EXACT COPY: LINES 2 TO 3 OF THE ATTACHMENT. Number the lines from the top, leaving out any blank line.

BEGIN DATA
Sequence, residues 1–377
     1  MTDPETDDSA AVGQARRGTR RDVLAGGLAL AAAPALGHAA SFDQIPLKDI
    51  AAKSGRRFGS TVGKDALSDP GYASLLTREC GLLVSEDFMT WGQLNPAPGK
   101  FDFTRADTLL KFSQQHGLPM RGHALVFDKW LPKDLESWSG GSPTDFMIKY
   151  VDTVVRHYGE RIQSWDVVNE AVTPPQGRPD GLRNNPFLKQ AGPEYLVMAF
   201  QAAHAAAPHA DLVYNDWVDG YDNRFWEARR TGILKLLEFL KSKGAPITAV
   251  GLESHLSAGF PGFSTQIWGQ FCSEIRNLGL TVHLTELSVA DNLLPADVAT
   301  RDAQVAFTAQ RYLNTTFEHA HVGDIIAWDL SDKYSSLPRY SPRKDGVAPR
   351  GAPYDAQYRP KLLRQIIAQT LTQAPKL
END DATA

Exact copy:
     1  MTDPETDDSA AVGQARRGTR RDVLAGGLAL AAAPALGHAA SFDQIPLKDI
    51  AAKSGRRFGS TVGKDALSDP GYASLLTREC GLLVSEDFMT WGQLNPAPGK